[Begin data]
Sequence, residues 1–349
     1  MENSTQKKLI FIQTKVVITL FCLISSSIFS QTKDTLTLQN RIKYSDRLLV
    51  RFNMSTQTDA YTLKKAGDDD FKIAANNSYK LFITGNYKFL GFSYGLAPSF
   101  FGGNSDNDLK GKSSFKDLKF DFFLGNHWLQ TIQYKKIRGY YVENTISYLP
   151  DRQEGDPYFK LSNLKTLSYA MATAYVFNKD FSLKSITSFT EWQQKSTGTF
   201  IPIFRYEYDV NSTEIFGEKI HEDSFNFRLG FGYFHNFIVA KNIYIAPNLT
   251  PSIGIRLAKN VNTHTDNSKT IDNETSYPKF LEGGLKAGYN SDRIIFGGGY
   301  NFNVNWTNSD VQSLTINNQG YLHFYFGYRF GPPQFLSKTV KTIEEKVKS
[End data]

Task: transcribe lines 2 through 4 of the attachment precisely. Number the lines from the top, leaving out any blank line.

     1  MENSTQKKLI FIQTKVVITL FCLISSSIFS QTKDTLTLQN RIKYSDRLLV
    51  RFNMSTQTDA YTLKKAGDDD FKIAANNSYK LFITGNYKFL GFSYGLAPSF
   101  FGGNSDNDLK GKSSFKDLKF DFFLGNHWLQ TIQYKKIRGY YVENTISYLP